CESSPOOLS IN HAWAI’I

 

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Cesspools are substandard systems.  They don’t treat wastewater, they merely dispose of it. Cesspools concentrate the wastewater in one location, often deep within the ground and in direct contact with groundwater, causing groundwater contamination.  This groundwater flows into drinking water wells, streams and the ocean, harming public health and the environment, including beaches and coral reefs.

 What are cesspools?

  • Cesspools are little more than holes in the ground that discharge raw, untreated human waste.
  • Cesspools can contaminate ground water, drinking water sources, streams and oceans with disease-causing pathogens, algae-causing nutrients, and other harmful substances.
  • Untreated wastewater from cesspools contains pathogens such as bacteria, protozoa and viruses that can cause gastroenteritis, Hepatitis A, conjunctivitis, leptospirosis, salmonellosis and cholera.

 How many cesspools do we have in Hawai`i?

  •  There are approximately 90,000 cesspools in the State, with nearly 50,000 located on the Big Island,  almost 14,000 on Kauai, over  12,000 on Maui, over 11,000 on Oahu and over 1,400 on Molokai.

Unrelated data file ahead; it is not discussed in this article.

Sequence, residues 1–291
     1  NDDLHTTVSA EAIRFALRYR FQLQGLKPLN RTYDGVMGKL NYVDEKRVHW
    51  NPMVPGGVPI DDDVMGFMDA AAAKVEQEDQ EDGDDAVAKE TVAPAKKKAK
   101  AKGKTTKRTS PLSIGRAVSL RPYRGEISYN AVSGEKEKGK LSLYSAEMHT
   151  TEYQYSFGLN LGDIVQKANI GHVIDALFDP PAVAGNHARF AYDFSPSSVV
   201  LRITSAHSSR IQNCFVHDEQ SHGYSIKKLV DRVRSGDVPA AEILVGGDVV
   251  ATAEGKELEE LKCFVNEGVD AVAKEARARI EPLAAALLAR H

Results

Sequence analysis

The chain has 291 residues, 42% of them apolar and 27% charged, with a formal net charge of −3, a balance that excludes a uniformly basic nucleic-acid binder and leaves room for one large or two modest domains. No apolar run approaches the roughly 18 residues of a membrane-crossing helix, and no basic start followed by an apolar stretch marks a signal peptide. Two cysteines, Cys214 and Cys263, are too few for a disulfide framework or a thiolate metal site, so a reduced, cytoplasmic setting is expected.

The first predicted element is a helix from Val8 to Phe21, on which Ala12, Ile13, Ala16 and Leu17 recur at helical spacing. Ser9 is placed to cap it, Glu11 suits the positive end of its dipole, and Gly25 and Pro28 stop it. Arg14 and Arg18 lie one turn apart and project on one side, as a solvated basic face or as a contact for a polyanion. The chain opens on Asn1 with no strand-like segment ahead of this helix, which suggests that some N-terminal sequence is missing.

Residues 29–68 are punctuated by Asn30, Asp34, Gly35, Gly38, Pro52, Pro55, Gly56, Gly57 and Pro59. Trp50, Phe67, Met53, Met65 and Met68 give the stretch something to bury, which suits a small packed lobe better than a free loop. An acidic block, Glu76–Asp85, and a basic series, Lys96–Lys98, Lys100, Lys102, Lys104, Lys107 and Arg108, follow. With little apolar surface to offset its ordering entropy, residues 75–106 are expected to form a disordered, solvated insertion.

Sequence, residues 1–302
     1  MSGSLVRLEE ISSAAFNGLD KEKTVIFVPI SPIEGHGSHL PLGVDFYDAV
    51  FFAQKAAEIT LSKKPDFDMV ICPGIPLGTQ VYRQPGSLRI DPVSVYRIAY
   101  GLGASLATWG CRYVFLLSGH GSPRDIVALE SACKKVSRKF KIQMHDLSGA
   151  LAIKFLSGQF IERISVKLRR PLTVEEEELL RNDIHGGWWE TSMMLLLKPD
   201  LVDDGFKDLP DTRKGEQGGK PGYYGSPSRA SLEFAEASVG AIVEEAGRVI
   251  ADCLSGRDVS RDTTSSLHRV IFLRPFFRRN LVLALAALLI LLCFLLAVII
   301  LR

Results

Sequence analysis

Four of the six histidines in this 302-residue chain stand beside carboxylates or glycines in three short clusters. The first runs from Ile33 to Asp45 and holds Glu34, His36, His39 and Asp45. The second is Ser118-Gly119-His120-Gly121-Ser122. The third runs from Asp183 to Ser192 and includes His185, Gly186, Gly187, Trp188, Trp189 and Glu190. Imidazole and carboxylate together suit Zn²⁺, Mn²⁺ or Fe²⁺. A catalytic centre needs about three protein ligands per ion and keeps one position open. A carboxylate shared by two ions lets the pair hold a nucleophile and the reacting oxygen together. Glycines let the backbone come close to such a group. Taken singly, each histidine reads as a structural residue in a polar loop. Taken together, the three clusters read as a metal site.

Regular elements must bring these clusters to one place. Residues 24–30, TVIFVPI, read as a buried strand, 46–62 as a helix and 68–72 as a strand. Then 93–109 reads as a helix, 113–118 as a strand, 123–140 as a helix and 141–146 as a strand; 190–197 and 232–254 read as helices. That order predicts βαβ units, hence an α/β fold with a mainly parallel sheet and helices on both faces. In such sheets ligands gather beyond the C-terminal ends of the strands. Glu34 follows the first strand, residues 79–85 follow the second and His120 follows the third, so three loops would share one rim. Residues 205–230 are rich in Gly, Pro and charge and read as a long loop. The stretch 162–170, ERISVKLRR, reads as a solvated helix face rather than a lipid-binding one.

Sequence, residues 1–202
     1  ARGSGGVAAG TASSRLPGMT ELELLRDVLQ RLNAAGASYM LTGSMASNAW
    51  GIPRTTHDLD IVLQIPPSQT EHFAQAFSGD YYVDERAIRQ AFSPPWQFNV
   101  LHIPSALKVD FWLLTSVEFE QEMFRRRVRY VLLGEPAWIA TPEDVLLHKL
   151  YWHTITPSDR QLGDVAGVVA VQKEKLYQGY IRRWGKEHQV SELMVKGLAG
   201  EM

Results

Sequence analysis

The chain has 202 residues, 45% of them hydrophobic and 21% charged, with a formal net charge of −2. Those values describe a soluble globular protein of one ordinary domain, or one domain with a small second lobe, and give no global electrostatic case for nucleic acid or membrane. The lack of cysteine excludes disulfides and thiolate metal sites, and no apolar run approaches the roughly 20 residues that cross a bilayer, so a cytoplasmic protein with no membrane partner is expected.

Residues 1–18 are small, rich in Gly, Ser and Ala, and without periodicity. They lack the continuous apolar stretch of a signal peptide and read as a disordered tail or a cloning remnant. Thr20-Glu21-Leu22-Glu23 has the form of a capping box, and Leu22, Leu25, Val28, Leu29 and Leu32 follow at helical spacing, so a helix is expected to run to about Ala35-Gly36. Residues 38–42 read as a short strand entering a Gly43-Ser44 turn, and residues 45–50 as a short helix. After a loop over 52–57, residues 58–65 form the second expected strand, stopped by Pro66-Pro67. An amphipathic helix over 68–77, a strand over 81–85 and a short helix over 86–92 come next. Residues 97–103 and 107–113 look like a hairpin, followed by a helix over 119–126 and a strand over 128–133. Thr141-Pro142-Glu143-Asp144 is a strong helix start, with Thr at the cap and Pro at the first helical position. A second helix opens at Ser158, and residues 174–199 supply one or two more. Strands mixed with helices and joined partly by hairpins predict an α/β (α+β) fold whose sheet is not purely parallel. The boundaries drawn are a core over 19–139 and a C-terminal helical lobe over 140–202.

•  Hawai`i is the only state in the US that still allows construction of new cesspools.
  •  Approximately 800 new cesspools are approved for construction in Hawai`i each year.

How many cesspools pose a risk to our water resources and how do they impact our environment?

  •  There are 87,000 cesspools that pose a risk to our water resources.
  •  There are approximately 6,700 cesspools that are located within 200 feet of a perennial stream channel  throughout the State.  There  are approximately 31,000 cesspools that are located within the perennial  watersheds on the islands of Hawai`i, Kauai, Maui, and  Molokai.
  •  Cesspools in Hawai`i release approximately 55 million gallons of untreated sewage into the ground each  day.
  •  Cesspools in Hawai`i release as much as 23,700 pounds of nitrogen and nearly 6,000 pounds of  phosphorus into the ground each  day each day, which can stimulate undesirable algae growth, degrade  water quality, and impact coral reefs.